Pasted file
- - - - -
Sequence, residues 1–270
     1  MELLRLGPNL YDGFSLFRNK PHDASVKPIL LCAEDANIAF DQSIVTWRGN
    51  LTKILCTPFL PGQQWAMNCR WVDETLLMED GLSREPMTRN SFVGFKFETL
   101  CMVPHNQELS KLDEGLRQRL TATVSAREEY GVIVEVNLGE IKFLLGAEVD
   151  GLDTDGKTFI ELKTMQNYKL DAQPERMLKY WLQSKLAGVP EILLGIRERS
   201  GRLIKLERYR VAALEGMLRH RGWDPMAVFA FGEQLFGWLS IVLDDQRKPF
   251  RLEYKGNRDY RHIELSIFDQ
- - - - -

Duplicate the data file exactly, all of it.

Sequence, residues 1–270
     1  MELLRLGPNL YDGFSLFRNK PHDASVKPIL LCAEDANIAF DQSIVTWRGN
    51  LTKILCTPFL PGQQWAMNCR WVDETLLMED GLSREPMTRN SFVGFKFETL
   101  CMVPHNQELS KLDEGLRQRL TATVSAREEY GVIVEVNLGE IKFLLGAEVD
   151  GLDTDGKTFI ELKTMQNYKL DAQPERMLKY WLQSKLAGVP EILLGIRERS
   201  GRLIKLERYR VAALEGMLRH RGWDPMAVFA FGEQLFGWLS IVLDDQRKPF
   251  RLEYKGNRDY RHIELSIFDQ